• Oct.8 Msgr. Ogihara Akira appointed administrator apostolic of Hiroshima.
  • Nov.25 Revised editions of the catechism and the prayer book are completed.
  • Dec.5 Msgr. Ideguchi Miyoichi appointed administrator apostolic of Yokohama.
    Msgr. Toda Tatewaki appointed administrator apostolic of Sapporo.
  • Dec.8 Msgr. Furuya Yoshiyuki made prefect apostolic of Kyoto.
  • Jan.14 Msgr. Matsuoka Magoshiro made prefect apostolic of Nagoya and serves concurrently as administrator apostolic of Niigata, becoming prefect apostolic in 1945.
  • Jan.20 Msgr. Urakawa Wasaburo made ordinary of Sendai and ordained bishop Jan. 18, 1942.
  • Jan.25 Msgr. Fukahori Sen’emon made ordinary of Fukuoka and ordained bishop May 28, 1944.
  • Mar.20 Fire destroys the Tokyo Major Seminary.
  • May 3 Based on the law on Religious Bodies, official approval given to Catholic Church as the “Nippon Tenshu Kokyo Kyodan” (The Japanese Catholic Religious Body) [hereafter, Nippon Katorikku Kyodan]. Its Secretariat to be known as the “General Administration Bureau” of the Nippon Katorikku Kyodan and located in the chancery office of the archdiocese of Tokyo. Archbp. Doi Tatsuo is the first president.
  • Jun.3-5 The first general meeting of the new church organization.
  • Jun.11 First general business meeting of the new church organization.
  • Jul.20 Reduction in the size of “The Japan Catholic Newspaper” published onthe last Sunday of the month.
  • Jul.22-24 Study meeting concerning business procedures relating to the new church structure in Japan.
  • Aug.10 The Army General Staff Headquarters makes a request for a pacification delegation to the South Pacific, to be made up of 50 priests and 150 lay people.
  • Aug.11 Emergency meeting of the church organization to deal with the army’s request for a pacification delegation.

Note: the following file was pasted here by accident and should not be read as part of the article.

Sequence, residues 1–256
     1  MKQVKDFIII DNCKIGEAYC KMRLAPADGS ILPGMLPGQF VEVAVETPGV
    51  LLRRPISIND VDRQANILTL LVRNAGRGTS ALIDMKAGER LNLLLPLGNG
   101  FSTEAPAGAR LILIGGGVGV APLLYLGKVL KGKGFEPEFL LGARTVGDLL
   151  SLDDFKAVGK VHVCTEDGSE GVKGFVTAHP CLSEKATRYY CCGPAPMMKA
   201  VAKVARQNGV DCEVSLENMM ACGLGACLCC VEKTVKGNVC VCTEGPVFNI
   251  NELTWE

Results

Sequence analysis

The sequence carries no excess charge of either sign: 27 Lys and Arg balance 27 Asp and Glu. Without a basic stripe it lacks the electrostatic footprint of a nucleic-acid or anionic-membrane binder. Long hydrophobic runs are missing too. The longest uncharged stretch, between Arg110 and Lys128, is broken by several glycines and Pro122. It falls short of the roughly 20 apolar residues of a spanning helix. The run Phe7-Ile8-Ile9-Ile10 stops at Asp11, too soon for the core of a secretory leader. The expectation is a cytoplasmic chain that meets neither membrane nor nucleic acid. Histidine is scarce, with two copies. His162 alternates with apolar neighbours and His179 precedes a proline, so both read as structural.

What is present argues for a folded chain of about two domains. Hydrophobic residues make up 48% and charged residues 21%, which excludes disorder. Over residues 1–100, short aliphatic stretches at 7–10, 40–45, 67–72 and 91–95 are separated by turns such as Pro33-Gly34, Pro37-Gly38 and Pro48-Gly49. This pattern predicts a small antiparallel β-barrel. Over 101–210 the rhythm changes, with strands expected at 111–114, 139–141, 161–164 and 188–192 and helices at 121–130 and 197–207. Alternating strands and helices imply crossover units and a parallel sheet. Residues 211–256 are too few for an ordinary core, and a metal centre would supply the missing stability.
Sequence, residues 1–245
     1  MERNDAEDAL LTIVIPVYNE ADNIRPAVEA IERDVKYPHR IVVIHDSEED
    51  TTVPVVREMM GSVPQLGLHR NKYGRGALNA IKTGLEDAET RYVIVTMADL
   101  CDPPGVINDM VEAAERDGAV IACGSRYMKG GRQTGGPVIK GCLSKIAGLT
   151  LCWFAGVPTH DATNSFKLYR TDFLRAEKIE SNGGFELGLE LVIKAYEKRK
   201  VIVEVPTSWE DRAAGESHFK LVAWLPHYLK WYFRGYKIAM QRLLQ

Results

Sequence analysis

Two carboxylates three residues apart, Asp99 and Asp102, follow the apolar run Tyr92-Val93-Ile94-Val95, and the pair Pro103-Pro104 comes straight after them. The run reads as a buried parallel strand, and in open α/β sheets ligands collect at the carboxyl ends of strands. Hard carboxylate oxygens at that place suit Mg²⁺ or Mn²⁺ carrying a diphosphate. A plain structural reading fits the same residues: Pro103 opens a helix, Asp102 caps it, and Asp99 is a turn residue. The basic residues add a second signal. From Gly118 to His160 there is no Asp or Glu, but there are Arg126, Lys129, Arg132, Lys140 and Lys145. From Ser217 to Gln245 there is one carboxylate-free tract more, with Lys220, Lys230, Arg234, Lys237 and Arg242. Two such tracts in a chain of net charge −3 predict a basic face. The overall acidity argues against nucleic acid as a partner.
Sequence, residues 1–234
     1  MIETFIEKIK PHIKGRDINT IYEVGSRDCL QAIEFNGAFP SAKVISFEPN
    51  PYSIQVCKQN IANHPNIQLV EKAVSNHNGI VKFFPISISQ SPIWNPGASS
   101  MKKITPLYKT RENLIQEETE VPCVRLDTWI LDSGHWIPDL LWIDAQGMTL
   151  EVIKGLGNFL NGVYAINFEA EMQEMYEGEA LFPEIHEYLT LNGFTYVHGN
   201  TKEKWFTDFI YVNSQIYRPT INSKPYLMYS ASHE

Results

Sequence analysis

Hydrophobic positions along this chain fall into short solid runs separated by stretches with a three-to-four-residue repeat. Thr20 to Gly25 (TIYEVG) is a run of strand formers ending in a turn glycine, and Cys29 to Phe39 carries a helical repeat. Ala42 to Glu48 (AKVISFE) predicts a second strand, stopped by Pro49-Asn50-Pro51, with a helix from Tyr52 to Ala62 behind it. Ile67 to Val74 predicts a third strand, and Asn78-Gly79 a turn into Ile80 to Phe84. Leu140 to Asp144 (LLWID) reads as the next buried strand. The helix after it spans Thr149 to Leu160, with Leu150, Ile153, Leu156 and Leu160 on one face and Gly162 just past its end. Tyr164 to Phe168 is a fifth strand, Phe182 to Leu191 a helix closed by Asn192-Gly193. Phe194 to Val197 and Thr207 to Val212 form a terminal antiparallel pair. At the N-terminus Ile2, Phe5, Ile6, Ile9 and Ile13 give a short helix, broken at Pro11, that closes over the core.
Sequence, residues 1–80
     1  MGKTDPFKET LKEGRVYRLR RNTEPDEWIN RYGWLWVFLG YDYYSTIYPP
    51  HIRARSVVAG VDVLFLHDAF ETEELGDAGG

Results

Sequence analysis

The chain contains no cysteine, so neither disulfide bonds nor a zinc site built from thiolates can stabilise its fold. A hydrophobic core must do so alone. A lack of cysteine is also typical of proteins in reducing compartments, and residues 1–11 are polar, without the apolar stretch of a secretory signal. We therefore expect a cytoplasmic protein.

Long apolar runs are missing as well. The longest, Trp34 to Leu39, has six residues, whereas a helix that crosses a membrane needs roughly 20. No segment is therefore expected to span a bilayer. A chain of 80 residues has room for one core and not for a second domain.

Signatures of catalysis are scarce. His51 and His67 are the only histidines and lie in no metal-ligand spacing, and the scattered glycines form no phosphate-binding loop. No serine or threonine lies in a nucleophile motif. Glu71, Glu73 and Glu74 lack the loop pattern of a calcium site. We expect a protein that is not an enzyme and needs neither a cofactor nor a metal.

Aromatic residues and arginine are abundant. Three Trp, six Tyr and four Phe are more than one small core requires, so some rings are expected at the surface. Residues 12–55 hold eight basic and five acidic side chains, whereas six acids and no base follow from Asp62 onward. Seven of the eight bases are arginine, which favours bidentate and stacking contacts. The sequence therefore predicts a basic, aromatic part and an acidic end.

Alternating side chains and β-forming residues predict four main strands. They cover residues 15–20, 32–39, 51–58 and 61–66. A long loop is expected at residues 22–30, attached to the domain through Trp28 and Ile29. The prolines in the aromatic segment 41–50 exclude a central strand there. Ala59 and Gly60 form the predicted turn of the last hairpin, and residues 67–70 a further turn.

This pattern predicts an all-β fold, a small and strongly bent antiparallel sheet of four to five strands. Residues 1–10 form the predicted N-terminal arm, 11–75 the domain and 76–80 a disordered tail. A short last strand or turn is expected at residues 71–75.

• Aug.11 The Ministry of Education holds a meeting for the Organization Chairmen of all Religious Bodies (Proclamation of a joint resolution by the Shinto, Buddhist, and Christian Religious Bodies).
  • Aug.13 Emergency meeting of the councillors of the Nippon Katorikku Kyodan. A Social Service Bureau established to deal with the new situation.
  • Aug.19 The Nippon Katorikku Kyodan, in keeping with the directives of the Ministry of Education, requests the laity to manifest their membership in the Church. In accordance with the position of the Catholic Church in Japan within the framework of the state of emergency, buildings belonging to the Church and religious orders made available for the use of the military.
  • Oct.19 The centralization of the Catholic publishing activities. “The Japan Catholic Newspaper” publishing office discontinued and an entity called the “Publishing Bureau of the Nippon Katorikku Kyodan” established under the direct control of the Church Religious Body.
  • Nov. 25 Msgr. Taguchi Yoshigoro appointed bishop of Osaka and ordained on Dec. 14. Simultaneously appointed administrator apostolic of Shikoku.
  • Dec.23 Meeting of the Wartime Emergency Council of the Nippon Katorikku Kyodan. Dec. 23 The Nippon Katorikku Kyodan holds a meeting of its Social Service Bureau, which is responsible for the immediate needs arising in the emergency period.
  • Dec.24 The Social Service Bureau requests that Christmas Midnight Mass be cancelled in all churches.
  • Dec.24 The Social Service Bureau requests that Christmas Midnight Mass be cancelled in all churches.
  • Feb.11 Second General Meeting of the Nippon Katorikku Kyodan.
  • Feb.22 General Administration Bureau of the Nippon Katorikku Kyodan instructs the parishes to send in a copy of their Church prospectus which will include particulars of registration of property and buildings.
  • Mar.24 The Cabinet nominates Harada Ken, councilor of the Japanese Embassy in France, as the first minister plenipotentiary to the Vatican.
  • Mar.25 Inauguration of the Medical Doctors Association of the Catholic Church in Japan.